What Does ‘Janus’ Mean for NJ and Its Public Union Membership?
- On August 16, 2018
This article originally appeared in the New Jersey Law Journal.
In Janus, a 5-4 conservative majority reversed the long-standing right of public sector unions set forth in ‘Abood,’ to collect fair share agency fees from public employees who chose not to join the union.
Under law, private, municipal, state and federal employees have the guaranteed right to form a union to represent their interests on a variety of employment issues, such as wages, hours and conditions of employment. Once a union is formed using a democratic/majority rule process, the union is the exclusive entity that can collectively bargain with the employer. Employees who join the union pay annual dues to cover costs and fees associated with the union’s governance. All employees have the absolute right to decline joining the union. Collective bargaining is what gives a union its strength and power, however, the union is obligated not only to fairly represent the interests of its members, but of its non-members as well. This counter-intuitive reality stems, in part, from the fact that unions derive significant income not only from their members, but also from employees who are compelled to pay dues to unions of which they are not members.
Indeed, until recently, in the 22 states and the District of Columbia known as “collective bargaining” jurisdictions (in contrast to the 28 states and the federal government, known as “right to work” jurisdictions), public, non-union employees were still forced to pay “fair share” or “agency” fees to fund activities that are “germane to [the union’s] duties as [the] collective-bargaining representative” (commonly known as “chargeable expenditures”). Abood v. Detroit Board of Education, 431 U.S. 209, 235-236 (1977). Such fair share fees could not be used to fund “nonchargeable” expenses toward “ideological purposes unrelated to collective bargaining.” Id. at 232.
See also: US Supreme Court Rules Against Unions in Janus v. AFSCME
New Jersey, home to one of the nation’s largest populations of union members, and one of the 22 “collective bargaining” states, also permitted unions to require non-members to pay “fair share fees.” On May 18, New Jersey’s governor, Phil Murphy, in order to strengthen New Jersey’s public sector union’s power (and likely in an effort to ameliorate the anticipated effect of the Supreme Court’s then-impending Janus decision), signed the Workplace Democracy Enhancement Act, P.L. 2018 c. 15, giving New Jersey’s unions substantially more access to union members, non-members and potential members, while also protecting the privacy of public employees’ demographic information. Some of the significant provisions in this new law include the union’s right to: meet with and have meetings with public employees before, after and during working hours and break times at the workplace; be involved in grievances; meet with new hires and get new hires’ contact information within a set period of time; and have access to the employer’s email and government buildings for communication and various meetings.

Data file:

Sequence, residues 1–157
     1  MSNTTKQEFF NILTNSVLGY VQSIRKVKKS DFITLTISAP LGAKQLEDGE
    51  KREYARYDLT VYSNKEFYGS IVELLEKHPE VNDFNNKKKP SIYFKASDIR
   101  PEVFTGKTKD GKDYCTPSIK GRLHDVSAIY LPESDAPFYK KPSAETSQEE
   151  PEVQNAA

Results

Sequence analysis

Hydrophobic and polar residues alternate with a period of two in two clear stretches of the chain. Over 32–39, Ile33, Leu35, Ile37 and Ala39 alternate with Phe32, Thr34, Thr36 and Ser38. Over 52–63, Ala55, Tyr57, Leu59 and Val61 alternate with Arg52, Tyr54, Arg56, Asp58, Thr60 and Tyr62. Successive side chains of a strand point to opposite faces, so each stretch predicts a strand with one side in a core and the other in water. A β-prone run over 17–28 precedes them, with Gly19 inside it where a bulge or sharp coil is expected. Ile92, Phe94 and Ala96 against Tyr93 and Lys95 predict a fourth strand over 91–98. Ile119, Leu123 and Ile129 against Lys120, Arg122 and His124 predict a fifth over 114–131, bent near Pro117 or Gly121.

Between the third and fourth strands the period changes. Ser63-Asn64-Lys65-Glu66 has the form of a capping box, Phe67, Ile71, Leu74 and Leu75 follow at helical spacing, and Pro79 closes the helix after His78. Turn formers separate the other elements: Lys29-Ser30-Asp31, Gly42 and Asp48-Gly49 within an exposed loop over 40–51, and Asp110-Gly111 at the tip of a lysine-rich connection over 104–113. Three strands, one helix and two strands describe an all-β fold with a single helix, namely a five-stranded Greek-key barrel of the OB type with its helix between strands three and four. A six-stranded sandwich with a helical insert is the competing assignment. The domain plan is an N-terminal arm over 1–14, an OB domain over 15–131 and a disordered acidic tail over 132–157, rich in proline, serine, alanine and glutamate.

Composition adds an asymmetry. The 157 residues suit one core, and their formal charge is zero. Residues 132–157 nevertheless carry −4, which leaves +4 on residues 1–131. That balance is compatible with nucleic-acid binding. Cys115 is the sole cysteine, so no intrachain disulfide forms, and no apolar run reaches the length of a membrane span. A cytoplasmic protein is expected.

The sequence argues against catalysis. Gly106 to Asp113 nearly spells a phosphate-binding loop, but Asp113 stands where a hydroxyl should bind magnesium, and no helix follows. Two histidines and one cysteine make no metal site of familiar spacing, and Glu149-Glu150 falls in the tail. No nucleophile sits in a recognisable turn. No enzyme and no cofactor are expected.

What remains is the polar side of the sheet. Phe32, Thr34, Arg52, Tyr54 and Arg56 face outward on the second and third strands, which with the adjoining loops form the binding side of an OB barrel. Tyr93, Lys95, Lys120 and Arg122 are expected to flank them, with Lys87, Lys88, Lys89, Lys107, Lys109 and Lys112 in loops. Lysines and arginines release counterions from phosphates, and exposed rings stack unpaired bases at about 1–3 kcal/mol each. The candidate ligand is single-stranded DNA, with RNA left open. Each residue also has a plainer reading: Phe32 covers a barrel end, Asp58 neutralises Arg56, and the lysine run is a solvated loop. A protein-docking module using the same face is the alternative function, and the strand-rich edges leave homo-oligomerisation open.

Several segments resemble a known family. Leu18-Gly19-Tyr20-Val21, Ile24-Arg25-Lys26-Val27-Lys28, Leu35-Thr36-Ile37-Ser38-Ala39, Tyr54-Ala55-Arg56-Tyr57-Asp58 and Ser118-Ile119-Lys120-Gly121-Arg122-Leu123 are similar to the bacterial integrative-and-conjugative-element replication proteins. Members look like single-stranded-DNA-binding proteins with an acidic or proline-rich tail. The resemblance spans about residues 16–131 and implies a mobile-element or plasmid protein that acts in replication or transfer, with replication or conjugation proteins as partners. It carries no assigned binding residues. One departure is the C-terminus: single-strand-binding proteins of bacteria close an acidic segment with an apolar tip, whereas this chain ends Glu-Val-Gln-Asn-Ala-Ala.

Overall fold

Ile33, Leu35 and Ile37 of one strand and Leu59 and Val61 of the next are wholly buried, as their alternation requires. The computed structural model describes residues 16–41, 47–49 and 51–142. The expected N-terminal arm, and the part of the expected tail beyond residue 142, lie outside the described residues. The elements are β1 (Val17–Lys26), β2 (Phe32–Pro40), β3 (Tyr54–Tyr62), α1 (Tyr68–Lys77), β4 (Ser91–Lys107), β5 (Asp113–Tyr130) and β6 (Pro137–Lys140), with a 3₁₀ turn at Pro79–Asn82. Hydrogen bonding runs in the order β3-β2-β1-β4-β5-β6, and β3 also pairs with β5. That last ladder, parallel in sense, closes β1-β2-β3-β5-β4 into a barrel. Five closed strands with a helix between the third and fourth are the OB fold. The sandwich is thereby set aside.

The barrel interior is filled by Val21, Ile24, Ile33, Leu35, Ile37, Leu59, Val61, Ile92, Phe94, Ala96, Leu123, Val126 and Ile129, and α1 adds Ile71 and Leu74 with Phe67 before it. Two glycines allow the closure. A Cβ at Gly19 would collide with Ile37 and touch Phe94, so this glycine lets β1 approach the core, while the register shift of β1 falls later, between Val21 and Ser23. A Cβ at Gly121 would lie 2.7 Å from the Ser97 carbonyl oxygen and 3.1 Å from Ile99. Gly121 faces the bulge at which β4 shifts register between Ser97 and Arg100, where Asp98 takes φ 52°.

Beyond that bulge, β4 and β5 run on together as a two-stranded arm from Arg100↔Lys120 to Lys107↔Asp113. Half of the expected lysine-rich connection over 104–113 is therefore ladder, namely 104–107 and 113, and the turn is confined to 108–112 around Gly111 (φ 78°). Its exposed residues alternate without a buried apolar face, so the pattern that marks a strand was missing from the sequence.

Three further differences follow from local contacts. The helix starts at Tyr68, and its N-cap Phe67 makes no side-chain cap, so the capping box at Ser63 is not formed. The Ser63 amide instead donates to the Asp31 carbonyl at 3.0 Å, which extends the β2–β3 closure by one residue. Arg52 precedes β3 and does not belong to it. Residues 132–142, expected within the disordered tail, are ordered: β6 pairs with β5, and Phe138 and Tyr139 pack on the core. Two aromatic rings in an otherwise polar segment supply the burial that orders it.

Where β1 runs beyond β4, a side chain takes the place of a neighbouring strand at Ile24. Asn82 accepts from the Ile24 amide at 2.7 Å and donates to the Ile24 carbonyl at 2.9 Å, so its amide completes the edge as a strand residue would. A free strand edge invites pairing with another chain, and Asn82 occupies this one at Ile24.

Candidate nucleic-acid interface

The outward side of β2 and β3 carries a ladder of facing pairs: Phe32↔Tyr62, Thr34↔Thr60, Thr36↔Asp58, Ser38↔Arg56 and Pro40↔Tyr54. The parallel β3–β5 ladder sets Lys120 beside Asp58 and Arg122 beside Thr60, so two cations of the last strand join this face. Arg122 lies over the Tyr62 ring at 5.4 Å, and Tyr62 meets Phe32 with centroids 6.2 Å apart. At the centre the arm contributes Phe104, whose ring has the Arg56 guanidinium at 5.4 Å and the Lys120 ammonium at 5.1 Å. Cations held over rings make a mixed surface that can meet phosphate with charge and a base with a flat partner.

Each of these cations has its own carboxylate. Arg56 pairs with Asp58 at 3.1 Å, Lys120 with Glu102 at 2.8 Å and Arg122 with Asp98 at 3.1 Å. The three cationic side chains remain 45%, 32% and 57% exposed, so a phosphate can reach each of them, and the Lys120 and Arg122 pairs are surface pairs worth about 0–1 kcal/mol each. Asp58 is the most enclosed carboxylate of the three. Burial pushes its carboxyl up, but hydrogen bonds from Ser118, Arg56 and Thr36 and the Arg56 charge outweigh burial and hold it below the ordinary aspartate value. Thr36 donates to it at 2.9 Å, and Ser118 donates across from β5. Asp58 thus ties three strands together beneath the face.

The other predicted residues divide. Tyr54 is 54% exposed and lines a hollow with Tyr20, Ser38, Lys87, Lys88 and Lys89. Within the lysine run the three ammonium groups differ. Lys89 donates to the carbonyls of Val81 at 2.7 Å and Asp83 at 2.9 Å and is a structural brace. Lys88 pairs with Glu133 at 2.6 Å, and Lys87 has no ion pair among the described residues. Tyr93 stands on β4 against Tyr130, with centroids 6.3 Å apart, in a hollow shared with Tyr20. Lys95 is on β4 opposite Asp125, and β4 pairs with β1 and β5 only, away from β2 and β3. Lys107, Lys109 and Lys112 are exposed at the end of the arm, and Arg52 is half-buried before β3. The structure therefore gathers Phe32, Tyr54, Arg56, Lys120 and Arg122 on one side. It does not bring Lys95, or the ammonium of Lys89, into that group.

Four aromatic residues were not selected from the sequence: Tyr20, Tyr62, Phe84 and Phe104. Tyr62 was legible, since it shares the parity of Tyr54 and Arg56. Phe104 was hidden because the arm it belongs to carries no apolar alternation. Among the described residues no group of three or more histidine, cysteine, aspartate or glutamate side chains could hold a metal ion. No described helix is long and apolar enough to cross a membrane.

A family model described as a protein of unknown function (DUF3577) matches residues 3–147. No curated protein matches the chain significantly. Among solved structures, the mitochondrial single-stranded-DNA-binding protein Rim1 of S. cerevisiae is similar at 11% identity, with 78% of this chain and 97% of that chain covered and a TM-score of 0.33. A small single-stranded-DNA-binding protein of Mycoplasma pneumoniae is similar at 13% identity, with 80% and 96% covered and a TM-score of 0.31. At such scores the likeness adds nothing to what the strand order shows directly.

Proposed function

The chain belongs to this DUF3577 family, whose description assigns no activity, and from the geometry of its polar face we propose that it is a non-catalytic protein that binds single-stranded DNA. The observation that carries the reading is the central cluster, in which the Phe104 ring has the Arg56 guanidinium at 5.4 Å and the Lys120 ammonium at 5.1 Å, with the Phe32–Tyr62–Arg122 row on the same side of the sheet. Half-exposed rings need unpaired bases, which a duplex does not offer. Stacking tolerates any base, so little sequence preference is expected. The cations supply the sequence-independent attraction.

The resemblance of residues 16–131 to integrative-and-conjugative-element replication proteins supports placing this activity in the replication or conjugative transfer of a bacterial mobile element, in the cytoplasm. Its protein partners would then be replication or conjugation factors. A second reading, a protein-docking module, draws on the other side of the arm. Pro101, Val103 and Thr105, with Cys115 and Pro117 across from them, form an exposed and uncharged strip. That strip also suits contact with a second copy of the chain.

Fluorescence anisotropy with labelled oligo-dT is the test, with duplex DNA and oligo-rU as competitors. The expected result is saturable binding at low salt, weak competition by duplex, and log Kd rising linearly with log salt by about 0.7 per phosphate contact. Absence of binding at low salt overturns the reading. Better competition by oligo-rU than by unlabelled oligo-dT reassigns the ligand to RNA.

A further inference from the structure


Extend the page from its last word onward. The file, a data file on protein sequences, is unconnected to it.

The seismic shift anticipated by Governor Murphy took place on June 27, when the Supreme Court issued its long-anticipated decision in Janus v. American Federation of State, County, and Municipal Employees, Council 31, 585 U.S. ___ (2018). In Janus, a 5-4 conservative majority reversed the long-standing right of public sector unions set forth in Abood, to collect fair share agency fees from public employees who chose not to join the union, including Illinois-based petitioner, Janus, who did not join the AFSCME union because he opposed “many of the public policy positions that [it] advocates.” 585 U.S. at ___, slip op at 4.
Janus argued that taking agency fees—amounting to 78.06 percent of dues collected in the case at hand—from non-consenting public employees violated the First Amendment as constitutionally-forbidden “coerced political speech.” 585 U.S. at ___, slip op at 5. Writing for the majority, Justice Alito noted that “[c]ompelling individuals to mouth support for views they find objectionable violates that cardinal constitutional command” set forth in the First Amendment and, “in most contexts, any such effort would be universally condemned.” 585 U.S. at ___, slip op at 8. In that vein, Justice Alito noted that “nonmembers were told that they had to pay for ‘[l]obbying,’ ‘[s]ocial and recreational activities,’ ‘advertising,’ ‘[m]embership meetings and conventions,’ and ‘litigation,’ as well as other unspecified ‘[s]ervices’ that ‘may ultimately inure to the benefit of the members of the local bargaining unit.’” 585 U.S. at ____, slip op at 8.
In holding that the rule in Abood permitting the taking of agency fees was specifically rejected, the court noted that the seminal case was poorly reasoned as it had already been diluted and questioned by two other recent Supreme Court cases: Knox v. Service Employees International Union, Local 1000, 567 U.S. 298 (2012), and Harris v. Quinn, 573 U.S. ___ (2014). 585 U.S. at ___, slip op at 7.